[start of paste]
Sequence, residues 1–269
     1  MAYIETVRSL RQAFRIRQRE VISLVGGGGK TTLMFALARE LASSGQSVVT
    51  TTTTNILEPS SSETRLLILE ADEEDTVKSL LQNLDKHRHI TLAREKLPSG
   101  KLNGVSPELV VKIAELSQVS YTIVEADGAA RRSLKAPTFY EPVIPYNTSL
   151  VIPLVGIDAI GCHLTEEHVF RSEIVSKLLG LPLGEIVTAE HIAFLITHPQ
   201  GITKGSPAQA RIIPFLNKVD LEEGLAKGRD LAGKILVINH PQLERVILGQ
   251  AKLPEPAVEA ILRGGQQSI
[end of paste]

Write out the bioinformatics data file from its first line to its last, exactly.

Sequence, residues 1–269
     1  MAYIETVRSL RQAFRIRQRE VISLVGGGGK TTLMFALARE LASSGQSVVT
    51  TTTTNILEPS SSETRLLILE ADEEDTVKSL LQNLDKHRHI TLAREKLPSG
   101  KLNGVSPELV VKIAELSQVS YTIVEADGAA RRSLKAPTFY EPVIPYNTSL
   151  VIPLVGIDAI GCHLTEEHVF RSEIVSKLLG LPLGEIVTAE HIAFLITHPQ
   201  GITKGSPAQA RIIPFLNKVD LEEGLAKGRD LAGKILVINH PQLERVILGQ
   251  AKLPEPAVEA ILRGGQQSI